On Monday the 11th of September, the MCA (Management Consultancies Association) hosted yet another well received Roundtable Lunch event. Will Harvey, Associate Professor of Management Studies at the University of Exeter, and Tim Morris, Professor of Management Studies at the Saïd Business School, University of Oxford, spoke regarding their recently published research on reputation, marketing and value in the management consulting industry.
The MCA hold other roundtable events throughout the year with different leading practitioners to review and discuss current topics. If you are interested in attending a future roundtable, please don’t hesitate to contact email@example.com to find out more.
Reputation and Identity Conflict
After giving initial context, Prof. Harvey and Prof. Morris began to rationalise two contributions made in the literature of reputation and identity by examining how an organisation responds when its identity is substantially misaligned with the experience and perceptions of external stakeholders that form the basis of reputational judgments (Harvey W, Morris T, Santos MM (2016) Reputation and Identity Conflict in Management Consulting, Human Relations 70 (1): 92-118.).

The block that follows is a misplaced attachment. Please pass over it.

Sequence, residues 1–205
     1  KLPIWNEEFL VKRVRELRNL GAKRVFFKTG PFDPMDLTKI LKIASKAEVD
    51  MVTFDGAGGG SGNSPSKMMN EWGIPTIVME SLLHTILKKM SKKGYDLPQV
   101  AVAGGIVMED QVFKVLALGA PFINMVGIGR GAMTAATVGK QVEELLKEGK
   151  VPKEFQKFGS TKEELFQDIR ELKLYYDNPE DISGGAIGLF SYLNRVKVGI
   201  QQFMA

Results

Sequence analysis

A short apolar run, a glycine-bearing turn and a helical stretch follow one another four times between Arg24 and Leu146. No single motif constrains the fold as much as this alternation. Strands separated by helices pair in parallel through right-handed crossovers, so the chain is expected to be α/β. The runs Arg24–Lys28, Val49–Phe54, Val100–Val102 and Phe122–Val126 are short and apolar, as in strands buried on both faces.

First, rather than triggering some form of identity revision, they defined how other forms of identity can come into play to remediate this gap, cushioning the organisation’s identity from adjustment. This change to other individual identities is enabled by a low organisational identity context even when the identity of a firm is clear and strong.
The second contribution however relates to the conceptualisation of consulting. It was explained how reputation and identity interact in the context of the distinctive organisational features of firms. Notably, their loosely coupled structure and the central importance of expert knowledge claims enable individual consultants both to reinforce and supplement corporate reputation via individual identity work.
Having coined the phrase ‘Reputation Conflict’ to describe said misaligned situation, Prof. Harvey highlighted the importance of remediation in a pragmatic manner. It’s no surprise that organisations have to work at altering their reputation, but it must be noted that it requires self-awareness about what aspects are malleable (psychological means) and what are sticky (relative reputation). It was also established that a new reputation is not a pre-determine destination, it emerges over time. This lead participants to draw on their own experiences and raised the importance of culture and purpose in this scenario.